When I first started out, I would bill clients after the job was complete. Surely every music producer has nightmare stories about the hours upon hours they’ve spent chasing down clients that owed them . . . as well as simply getting flat-out burned and never paid. I eventually got wise and implemented a “50% upfront / 50% at completion” policy – where the final files are delivered to the client once I have received the final 50%. The occasional prospective client will balk at this – but I have long ago learned that those are also the sort of clients that I no longer want to or need to work with. For my recurring clients that have established themselves to be reliable, I am willing to be more flexible – but even most of them have said “No – that’s ok. That’s how you work. We’re comfortable with that.” That approach has given me a great deal of time back.

Music seems to be shifting focus from full-length albums to shorter EPs and singles. Where do you see music production going in the future?

Glen Muñoz: With digital technology, someone can release a 30 second single or a song that has a run-time of three and half weeks. Digital technology is also throwing open the doors to just about any sound or texture and the manipulation of that sound. For the first 80 to 90 years, the whole point of a musical recording was to – as best as possible – replicate the experience of a listener sitting in the room with the artist.

Now – though – the sky’s the limit. Music production no longer has to consist of traditional music. Not a single physical instrument is needed. In fact, not a single track or texture on a recording needs to emulate a physical instrument. More than ever, music production is only limited by the artist’s creativity and willingness to explore.

Outside of Concordia Sound, what do you do for fun?

Glen Muñoz: As I mentioned, time with family and friends is important. We like to cook and host dinner parties at our home – which are often followed by jam sessions. I also like to spend time working on my own musical projects, exercise (swim, bike, run, hike), volunteer (Habitat for Humanity) and mentor younger professionals.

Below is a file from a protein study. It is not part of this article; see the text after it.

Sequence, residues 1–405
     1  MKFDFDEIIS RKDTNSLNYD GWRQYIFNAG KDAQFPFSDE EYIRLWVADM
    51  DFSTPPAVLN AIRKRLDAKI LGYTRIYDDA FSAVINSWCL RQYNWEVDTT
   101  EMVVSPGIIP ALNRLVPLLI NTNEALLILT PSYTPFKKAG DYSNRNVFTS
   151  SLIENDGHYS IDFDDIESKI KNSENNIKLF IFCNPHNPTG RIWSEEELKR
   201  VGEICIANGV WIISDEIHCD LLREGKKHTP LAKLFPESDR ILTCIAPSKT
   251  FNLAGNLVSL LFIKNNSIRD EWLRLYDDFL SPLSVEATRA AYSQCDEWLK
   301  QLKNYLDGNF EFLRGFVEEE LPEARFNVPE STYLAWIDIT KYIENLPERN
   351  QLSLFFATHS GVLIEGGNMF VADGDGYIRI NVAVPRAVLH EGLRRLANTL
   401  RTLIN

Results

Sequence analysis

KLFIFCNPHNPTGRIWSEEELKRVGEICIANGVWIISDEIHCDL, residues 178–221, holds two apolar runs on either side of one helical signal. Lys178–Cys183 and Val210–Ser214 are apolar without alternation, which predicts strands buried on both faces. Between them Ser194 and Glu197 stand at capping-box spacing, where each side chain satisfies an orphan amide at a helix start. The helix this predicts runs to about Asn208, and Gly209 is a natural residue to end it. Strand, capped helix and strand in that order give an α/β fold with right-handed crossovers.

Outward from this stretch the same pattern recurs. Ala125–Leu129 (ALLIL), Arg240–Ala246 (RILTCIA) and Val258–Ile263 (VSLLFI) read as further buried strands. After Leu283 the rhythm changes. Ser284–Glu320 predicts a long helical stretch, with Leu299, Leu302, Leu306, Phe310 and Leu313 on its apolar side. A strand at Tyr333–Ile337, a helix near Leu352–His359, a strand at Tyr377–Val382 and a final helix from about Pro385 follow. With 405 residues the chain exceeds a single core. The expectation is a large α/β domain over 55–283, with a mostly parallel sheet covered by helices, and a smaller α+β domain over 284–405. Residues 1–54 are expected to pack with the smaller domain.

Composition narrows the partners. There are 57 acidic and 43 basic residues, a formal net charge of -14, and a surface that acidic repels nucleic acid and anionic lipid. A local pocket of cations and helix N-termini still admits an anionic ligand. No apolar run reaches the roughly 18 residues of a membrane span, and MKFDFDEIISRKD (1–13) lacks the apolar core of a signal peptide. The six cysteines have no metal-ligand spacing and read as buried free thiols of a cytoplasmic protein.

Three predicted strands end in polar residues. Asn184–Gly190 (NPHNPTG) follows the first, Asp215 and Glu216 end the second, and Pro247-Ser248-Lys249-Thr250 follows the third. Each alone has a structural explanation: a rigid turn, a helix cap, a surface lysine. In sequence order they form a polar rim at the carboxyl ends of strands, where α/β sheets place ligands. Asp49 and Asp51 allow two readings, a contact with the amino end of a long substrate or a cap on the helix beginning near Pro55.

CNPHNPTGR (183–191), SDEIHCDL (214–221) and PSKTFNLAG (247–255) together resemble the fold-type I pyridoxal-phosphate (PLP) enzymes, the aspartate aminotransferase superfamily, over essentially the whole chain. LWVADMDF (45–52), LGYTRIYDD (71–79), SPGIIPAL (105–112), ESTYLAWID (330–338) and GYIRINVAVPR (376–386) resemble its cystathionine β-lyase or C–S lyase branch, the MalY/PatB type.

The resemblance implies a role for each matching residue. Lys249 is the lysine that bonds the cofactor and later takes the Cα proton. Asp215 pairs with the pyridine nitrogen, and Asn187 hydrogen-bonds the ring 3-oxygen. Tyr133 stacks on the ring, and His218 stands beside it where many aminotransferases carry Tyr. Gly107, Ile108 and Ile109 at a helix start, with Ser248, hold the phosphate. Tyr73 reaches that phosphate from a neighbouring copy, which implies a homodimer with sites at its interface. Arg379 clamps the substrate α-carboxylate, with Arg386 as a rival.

Do you have any advice for people who want to make and produce their own music?

Glen Muñoz: If you’re just starting out 1) start with simple projects, 2) finish them and 3) get feedback. “Start”: just start producing music – however you can. If you can get some hours in a professional studio – great. If you can do it in your basement, that’s ok too. If you can get your hands on some mics and nice gear – cool. But if you have to build everything in your laptop – that’s not a problem. If you have a song of your own – great. If not – simply record a “cover” of someone else’s song. If you’ve got access to musicians that want to record – nice. But if you don’t, play everything yourself.

The point is – don’t get hung up on the tools you have access to . . . don’t wait for the perfect set of circumstances to get started . . . just get started and see what you can do with the tools you have. “Finish”: many folks are tempted to keep tweaking and adjusting a mix. The truth is 1) you’re probably the only one that hears the difference and 2) you’re not markedly improving the song or learning anything new by spending endless hours on a small tweak. Finish it and move on. There’s far more to learn on the next project. “Feedback”: share your project with folks that have ears that you trust and respect (I’m always happy to give a listen and give feedback). Ask for their honest assessment and how you could improve. Then repeat the process. Put in the time, put in the hours, build your chops, build your ears. There are no shortcuts.

Do you have any upcoming releases or events you would like to discuss?

Glen Muñoz: Like most everyone else, Covid has caused me to pivot my business. For example – rather than hosting recording sessions in my studio, I am more focused on mixing/producing client projects remotely. I have also launched a podcast production and distribution service (Pod Pro Audio) where I – again – host recording sessions remotely.

Finally, I have recently partnered on a live-streaming solution that we call “Gig In A Box”. The box includes a VR camera, an HD camera, a 16 channel mixer, laptop computer and lighting. The artist simply sets it up, plugs in and turns it on. We handle ticketing (yes, the artists get paid!), we provide a professional, “front of house” engineer to mix the show remotely and we handle the livestream.

Thank you for talking to me this week! Where can the readers find you and your work?

Glen Muñoz: My LinkedIn is
My recording studio is at
My music production services are at
The podcast production/distribution services are at
For more info on the “Gig In a Box” livestream solution, contact me at

Glen Muñoz Music

Check Out Glen Muñoz!

A huge thank you to Glen Muñoz for chatting with me this week! Make sure to check out Glen’s work at the following locations:

Due South Studios

Concordia Sound

Pod Pro Audio

Glen Muñoz on LinkedIn